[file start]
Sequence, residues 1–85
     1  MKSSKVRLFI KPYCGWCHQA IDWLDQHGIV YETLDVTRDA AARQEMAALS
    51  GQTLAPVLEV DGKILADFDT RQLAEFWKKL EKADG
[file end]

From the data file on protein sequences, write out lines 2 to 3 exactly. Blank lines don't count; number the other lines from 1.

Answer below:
     1  MKSSKVRLFI KPYCGWCHQA IDWLDQHGIV YETLDVTRDA AARQEMAALS
    51  GQTLAPVLEV DGKILADFDT RQLAEFWKKL EKADG